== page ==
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Covid-19: What we can learn from wartime efforts
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Language more normally suited to wartime is commonly invoked around the Covid-19 pandemic, but can we learn anything from past conflicts in our battle against coronavirus?
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In January 1941, Winston Churchill gave a sombre address to the House of Commons, the UK’s parliament. “Our Empire and indeed the whole English-speaking world are passing through a dark and deadly valley,” he remarked in one of World War Two’s bleakest periods. “But I should be failing in my duty if, on the other wise, I were not to convey the true impression, that a great nation is getting into its war stride.”

Comparisons between World War Two and the current coronavirus pandemic are prolific. New York Governor Andrew Cuomo, who has been compared to a wartime president, has peppered his daily briefings with combative language, describing the apex of the disease’s curve as “the next battle at the top of the mountain”, and proclaiming “ventilators are to this war what bombs were to World War Two”.

European leaders, meanwhile, talk of an inevitable “D-Day” when the outbreak will overwhelm the hospital system, and allude to war with an invisible enemy. Healthcare workers are on the frontlines, scientists are the new generals, economists draw up battle plans, politicians call for mobilisation. Just a few weeks ago, Queen Elizabeth II urged Britons to adopt the same discipline and resolve that the people had showed during WWII. “It reminds me of the very first broadcast I made in 1940, helped by my sister,” the monarch recalled during a rare televised address.

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The coronavirus pandemic, though different from the war in many crucial respects, seems to demand some of the same measures used during that global emergency. From boosted production to rapid redeployment of resources, increased governmental oversight and stimulus plans to potential rationing, 2020’s battle against a virus might force great nations to once again adopt their war strides.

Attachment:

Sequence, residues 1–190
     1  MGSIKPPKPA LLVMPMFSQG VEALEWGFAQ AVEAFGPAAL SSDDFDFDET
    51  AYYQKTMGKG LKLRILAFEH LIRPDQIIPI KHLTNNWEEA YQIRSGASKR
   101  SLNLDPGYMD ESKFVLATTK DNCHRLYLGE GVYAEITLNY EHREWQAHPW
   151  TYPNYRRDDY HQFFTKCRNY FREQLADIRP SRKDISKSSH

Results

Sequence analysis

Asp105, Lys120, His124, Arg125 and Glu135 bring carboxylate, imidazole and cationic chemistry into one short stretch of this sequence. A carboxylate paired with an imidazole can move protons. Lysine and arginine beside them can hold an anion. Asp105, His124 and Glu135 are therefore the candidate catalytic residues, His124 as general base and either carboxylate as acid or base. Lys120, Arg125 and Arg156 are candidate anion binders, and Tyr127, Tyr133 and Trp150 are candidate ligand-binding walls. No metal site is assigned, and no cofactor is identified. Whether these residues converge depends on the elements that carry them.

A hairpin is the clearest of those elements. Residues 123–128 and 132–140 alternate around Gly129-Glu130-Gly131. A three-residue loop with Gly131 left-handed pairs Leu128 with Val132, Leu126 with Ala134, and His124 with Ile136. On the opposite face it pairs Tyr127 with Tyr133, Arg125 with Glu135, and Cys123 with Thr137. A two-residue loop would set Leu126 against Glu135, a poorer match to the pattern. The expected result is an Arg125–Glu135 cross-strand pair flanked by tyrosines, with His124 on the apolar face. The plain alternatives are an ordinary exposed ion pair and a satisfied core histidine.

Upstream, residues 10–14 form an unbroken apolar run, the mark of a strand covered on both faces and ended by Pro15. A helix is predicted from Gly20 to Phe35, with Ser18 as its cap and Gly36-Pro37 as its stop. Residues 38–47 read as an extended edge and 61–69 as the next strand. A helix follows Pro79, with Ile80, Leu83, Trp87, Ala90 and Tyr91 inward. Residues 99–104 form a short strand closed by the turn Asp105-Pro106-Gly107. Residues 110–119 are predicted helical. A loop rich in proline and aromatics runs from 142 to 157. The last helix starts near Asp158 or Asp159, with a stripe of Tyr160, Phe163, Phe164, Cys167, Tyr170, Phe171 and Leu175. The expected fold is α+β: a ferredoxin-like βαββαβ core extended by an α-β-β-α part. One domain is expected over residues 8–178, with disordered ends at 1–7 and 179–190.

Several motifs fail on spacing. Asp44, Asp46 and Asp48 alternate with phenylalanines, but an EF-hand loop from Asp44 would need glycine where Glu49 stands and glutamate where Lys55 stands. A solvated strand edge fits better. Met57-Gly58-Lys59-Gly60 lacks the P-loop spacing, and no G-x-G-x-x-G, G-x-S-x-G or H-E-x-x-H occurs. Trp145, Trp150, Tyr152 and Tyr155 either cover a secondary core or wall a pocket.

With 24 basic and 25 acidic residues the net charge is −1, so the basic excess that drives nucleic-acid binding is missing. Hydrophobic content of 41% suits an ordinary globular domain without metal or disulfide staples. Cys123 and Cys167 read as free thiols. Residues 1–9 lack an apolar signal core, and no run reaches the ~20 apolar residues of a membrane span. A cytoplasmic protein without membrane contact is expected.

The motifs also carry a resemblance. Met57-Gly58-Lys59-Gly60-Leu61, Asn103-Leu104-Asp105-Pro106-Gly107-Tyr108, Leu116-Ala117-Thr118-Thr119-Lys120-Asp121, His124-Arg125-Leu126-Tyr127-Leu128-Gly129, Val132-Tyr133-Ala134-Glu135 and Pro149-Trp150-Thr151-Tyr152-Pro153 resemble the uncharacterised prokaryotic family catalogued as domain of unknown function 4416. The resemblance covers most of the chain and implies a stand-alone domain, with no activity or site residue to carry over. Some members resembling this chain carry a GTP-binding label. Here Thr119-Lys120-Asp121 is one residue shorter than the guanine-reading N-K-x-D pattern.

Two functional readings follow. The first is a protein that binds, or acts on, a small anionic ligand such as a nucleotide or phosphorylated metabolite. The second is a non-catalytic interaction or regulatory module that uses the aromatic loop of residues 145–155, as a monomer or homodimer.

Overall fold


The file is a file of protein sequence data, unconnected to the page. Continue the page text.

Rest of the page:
Are there lessons we can learn from the collective anxiety, the contingency measures, the calls for national cohesion and the dramatic changes to society that defined WWII? Is there is a fallacy in the modern conception of the immediate “united front” – a fallacy that will continue to play out against the backdrop of the pandemic? What does shared sacrifice look like, and how will it shape our future this time around?

The spirit of Britain's wartime leader Winston Churchill is often invoked by those urging the adoption of measures against coronavirus (Credit: Getty Images)

The spirit of Britain's wartime leader Winston Churchill is often invoked by those urging the adoption of measures against coronavirus (Credit: Getty Images)

The extent to which wartime psychology is relevant to our understanding of the coronavirus pandemic is, like the trajectory of the disease itself, unclear and rapidly evolving. When politicians (or journalists) reach for convenient parallels between the pandemic and those wartime battles, they may make dangerous assumptions. Comparisons that rely on militarisation, organised violence or the threat of civilian control aren’t useful, and can even be harmful, especially as new information becomes available and data changes by the hour.

“If we mount a war on coronavirus, that doesn’t solve fundamental problems in the healthcare system or in global trade, for example,” says Mark R Wilson, professor of history at the University of North Carolina. “We constrain our imagination by thinking about a short-run war mobilisation.” Insidious global problems such as equipment shortages, health care disparities, lack of emergency protocols, confusion between federal and local policies, poverty and societal inequity can’t be neatly addressed by a rapid offensive against Covid-19, even if that battle is metaphoric. “There is no automatic formula for what happens during and after a crisis,” Wilson adds. “But right now, people can and should still take an interest in the past.”

Neurosurgeons, cardiologists, medical students– all have been pulled into emergency rooms and intensive care wards